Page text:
TOKYO – A scandal-tainted Cabinet member who headed Japan’s powerful agriculture ministry hanged himself just hours before he faced questioning Monday over alleged bookkeeping fraud.
The death of Toshikatsu Matsuoka dealt another blow to Prime Minister Shinzo Abe’s ailing government at a critical time before the leader’s first big test at the polls in July.
An autopsy on Matsuoka, 62, showed he had hanged himself, according to a Tokyo Metropolitan Police official who spoke on condition of anonymity, citing policy. Matsuoka was found unconscious in his apartment shortly after noon on Monday and declared dead hours later. He became the first serving Cabinet member to kill himself since World War II.
Local media reports said Matsuoka hanged himself in his pajamas with a rope resembling a dog leash and had left multiple suicide notes, including ones addressed to Abe and the public, apologizing for his actions.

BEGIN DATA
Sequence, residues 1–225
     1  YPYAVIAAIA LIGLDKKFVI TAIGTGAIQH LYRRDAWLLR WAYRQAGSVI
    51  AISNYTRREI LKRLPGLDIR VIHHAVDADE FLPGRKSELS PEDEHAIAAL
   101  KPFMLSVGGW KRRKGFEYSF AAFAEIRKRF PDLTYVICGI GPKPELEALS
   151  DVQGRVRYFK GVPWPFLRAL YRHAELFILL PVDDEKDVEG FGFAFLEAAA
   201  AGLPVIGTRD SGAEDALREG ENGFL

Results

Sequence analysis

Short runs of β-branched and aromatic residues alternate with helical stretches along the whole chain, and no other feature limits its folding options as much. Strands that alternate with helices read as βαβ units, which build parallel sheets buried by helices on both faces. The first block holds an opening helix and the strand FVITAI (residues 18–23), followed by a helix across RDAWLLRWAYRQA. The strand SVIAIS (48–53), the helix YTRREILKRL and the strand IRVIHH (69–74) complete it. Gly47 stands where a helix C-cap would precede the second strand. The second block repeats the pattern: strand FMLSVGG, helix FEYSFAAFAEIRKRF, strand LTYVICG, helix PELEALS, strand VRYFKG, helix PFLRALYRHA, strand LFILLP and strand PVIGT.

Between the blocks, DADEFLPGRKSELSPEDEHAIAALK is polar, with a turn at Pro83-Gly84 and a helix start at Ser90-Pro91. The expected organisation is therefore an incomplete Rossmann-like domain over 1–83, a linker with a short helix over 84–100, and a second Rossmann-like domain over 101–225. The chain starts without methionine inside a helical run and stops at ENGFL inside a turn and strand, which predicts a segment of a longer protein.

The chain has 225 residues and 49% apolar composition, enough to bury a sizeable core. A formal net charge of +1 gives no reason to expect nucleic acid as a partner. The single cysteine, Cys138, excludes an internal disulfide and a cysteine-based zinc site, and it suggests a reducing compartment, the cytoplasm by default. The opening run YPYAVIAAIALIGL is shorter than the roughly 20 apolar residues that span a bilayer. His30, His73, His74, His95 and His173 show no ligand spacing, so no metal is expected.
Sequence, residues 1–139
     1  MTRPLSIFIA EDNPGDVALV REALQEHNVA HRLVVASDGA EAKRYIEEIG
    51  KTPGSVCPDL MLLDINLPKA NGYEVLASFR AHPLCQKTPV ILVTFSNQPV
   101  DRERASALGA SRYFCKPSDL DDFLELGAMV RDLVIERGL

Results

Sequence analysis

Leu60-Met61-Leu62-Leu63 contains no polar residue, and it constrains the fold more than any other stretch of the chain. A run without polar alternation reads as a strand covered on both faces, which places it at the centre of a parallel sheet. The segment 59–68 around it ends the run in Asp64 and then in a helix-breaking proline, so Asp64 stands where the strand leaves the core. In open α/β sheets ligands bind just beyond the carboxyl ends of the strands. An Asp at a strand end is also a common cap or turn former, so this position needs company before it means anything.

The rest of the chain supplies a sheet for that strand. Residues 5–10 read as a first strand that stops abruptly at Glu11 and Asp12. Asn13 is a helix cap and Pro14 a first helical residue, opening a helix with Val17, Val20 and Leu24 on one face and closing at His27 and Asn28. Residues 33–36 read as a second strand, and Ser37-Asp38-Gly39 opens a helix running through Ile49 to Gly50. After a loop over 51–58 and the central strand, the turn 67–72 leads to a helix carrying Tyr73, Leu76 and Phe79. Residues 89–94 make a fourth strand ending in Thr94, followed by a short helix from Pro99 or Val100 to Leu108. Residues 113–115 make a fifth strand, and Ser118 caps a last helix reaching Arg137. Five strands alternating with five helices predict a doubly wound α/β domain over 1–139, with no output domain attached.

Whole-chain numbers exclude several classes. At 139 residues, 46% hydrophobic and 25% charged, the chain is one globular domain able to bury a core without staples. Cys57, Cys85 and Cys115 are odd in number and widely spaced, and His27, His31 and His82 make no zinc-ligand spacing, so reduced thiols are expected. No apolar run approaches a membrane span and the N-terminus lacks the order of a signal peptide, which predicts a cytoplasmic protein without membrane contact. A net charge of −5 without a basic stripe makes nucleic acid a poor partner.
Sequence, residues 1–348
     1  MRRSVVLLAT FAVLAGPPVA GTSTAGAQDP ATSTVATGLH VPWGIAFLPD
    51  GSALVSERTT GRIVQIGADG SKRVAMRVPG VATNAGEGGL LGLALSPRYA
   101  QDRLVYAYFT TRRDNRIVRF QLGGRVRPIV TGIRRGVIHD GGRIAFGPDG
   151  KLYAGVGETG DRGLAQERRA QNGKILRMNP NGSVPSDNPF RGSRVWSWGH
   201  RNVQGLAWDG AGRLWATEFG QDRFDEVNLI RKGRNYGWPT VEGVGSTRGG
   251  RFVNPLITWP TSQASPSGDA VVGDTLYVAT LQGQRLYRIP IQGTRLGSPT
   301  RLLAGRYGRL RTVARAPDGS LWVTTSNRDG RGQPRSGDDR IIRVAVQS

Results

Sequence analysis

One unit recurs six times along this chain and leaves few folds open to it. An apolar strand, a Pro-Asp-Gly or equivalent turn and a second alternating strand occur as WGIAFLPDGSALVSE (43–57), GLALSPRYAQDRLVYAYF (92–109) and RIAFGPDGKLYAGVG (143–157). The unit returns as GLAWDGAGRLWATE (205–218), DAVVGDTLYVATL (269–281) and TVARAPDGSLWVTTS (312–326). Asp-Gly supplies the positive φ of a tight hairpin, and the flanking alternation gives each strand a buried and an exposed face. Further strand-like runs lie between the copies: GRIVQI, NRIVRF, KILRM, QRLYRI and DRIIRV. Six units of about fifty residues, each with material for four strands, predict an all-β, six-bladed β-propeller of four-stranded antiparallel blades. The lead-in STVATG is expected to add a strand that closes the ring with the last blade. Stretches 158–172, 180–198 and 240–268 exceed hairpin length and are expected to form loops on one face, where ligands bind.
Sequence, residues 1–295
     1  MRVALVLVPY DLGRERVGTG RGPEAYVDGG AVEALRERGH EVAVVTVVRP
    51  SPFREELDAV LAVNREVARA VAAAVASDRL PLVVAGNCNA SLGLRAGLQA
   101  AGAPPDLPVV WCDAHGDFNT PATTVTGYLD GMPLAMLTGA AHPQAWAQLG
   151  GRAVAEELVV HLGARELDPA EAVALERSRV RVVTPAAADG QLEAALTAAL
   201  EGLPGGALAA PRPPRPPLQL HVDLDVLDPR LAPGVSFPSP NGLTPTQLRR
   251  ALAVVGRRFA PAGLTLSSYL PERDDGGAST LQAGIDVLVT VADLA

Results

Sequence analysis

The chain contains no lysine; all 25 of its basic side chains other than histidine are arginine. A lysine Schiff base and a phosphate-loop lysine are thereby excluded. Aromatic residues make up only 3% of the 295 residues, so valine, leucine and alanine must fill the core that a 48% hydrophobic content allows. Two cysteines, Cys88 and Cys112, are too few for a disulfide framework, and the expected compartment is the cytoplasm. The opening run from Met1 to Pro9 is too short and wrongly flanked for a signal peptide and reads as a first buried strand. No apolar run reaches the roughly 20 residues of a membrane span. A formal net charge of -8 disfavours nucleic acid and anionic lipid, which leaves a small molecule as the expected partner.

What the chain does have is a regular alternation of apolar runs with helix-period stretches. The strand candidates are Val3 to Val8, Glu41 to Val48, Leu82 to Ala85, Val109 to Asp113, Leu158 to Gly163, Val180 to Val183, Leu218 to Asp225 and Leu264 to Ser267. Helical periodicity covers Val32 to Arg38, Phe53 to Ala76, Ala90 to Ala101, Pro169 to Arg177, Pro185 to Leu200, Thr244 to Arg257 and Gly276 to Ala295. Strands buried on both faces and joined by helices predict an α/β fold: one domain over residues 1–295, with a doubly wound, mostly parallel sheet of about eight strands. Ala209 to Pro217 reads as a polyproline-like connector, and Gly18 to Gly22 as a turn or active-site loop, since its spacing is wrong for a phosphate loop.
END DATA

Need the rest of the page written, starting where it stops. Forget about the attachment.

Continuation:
“I apologize for having created troubles. There is no excuse for my own ignorance and lack of virtue,” the Yomiuri newspaper quoted one of the notes as saying today.
Matsuoka was criticized over a scandal involving suspicious bookkeeping practices. He allegedly claimed more than $236,000 in utility fees even though he rented a parliamentary office where utility costs are free. He also faced separate scandals related to bid-rigging and political contributions, triggering calls for his resignation even from within his own party.